Variable Radii Bitter Spiral Crystal Spectrometer

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Variable Radii Bitter Spiral Crystal Spectrometer

Princeton Docket #22-3922-1

A novel high-resolution x-ray spectrometer for small or point-like emission sources has been developed using a crystal shape having both a variable major and minor radius of curvature. This variable-radii spiral spectrometer (VR-Spiral) allows five key spectrometer design goals to be achieved simultaneously: 

  1. High spectral (energy) resolution
  2. High throughput
  3. Broad energy range
  4. Reduction of source size broadening 
  5. 1D spatial imaging

This novel shape provides near perfect imaging of a point-source for arbitrarily large crystal dimensions, while also simultaneously minimizing the effect of source size broadening in the case of an extended source. This crystal geometry most closely resembles that of the conventional toroidal crystal while providing significantly improved performance in terms of higher throughput while maintaining exceptionally high energy resolution. In a previous application of the VR-Spiral, the energy resolution of the spectrometer was improved by a factor of five as compared to using a conventional toroidal crystal, going from 15eV (E/𝚫E~900) to 3eV (E/𝚫E~4500) while maintaining the system throughput.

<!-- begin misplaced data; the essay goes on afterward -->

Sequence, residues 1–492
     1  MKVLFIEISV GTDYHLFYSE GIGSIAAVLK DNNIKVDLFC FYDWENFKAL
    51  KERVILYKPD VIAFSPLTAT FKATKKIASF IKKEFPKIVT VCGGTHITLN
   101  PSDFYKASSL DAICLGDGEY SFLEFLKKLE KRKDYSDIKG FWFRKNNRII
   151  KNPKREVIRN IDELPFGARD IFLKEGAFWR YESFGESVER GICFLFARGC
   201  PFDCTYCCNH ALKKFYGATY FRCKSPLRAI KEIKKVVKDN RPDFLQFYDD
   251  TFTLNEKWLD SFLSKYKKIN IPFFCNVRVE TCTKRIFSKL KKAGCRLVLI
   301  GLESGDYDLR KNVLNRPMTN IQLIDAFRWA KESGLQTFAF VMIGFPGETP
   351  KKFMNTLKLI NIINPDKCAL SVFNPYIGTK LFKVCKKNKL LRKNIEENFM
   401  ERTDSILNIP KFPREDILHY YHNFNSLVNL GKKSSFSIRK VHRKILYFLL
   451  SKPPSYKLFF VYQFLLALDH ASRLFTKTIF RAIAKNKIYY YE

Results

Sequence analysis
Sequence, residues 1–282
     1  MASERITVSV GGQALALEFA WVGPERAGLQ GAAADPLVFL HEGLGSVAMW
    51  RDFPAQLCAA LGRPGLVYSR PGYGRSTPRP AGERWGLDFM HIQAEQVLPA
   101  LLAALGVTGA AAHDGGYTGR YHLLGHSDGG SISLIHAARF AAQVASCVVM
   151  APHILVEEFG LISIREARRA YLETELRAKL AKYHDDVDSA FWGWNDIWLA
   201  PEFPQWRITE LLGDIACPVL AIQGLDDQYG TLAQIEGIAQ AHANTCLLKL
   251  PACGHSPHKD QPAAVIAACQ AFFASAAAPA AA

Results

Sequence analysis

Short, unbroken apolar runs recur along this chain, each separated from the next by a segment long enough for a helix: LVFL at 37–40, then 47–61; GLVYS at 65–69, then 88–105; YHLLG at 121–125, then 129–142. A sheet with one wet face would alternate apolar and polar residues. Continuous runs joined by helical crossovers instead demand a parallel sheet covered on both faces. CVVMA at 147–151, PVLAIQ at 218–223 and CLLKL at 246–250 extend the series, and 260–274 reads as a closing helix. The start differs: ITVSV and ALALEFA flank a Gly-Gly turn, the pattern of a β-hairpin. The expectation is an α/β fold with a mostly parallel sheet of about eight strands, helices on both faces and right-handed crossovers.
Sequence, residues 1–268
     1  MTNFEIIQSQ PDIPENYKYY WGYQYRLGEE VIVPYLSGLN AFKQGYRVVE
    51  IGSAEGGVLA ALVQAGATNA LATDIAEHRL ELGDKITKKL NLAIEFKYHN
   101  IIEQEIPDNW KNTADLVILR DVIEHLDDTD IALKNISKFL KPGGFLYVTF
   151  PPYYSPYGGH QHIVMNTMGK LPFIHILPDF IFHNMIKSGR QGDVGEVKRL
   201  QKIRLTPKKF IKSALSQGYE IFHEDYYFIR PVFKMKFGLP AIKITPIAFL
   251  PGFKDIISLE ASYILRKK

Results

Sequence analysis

• Spectroscopy and one-dimensional imaging of small x-ray sources
  • Commercial x-ray spectroscopy and analysis products


  • Greatly improved energy resolution and throughput as compared to any other existing spectrometer geometries
  • Optimized energy resolution at all energies
  • Exceptional performance with any magnification


Dr. Novimir Pablant is a research physicist at the Plasma Physics Laboratory. He received his B.S from the University of California Santa Cruz, and his Ph.D. from the University of California San Diego for optical spectroscopy on the DIII-D tokamak.

Novimir is an internationally recognized expert in x-ray spectroscopy; he has designed novel x-ray spectrometers for major fusion and high energy density physics experiments around the world including: ITER (France), the National Ignition Facility (USA), Wendelstein 7-X (Germany) and the Large Helical Device (Japan). Novimir's primary research interest, beyond diagnostic development, is stellarator energy and impurity confinement.

Intellectual Property Status

Patent pending

Chris Wright

Princeton University Office of Technology Licensing • (609) 258-6762•

Laurie Bagley

Princeton Plasma Physics Laboratory • (609) 243-2425•


Patent Information:
For Information, Contact:
Chris Wright
Head of Technology Transfer
Princeton University
Novimir Pablant
Manfred Bitter
Kenneth Hill
Lan Gao
Frances Kraus
Philip Efthimion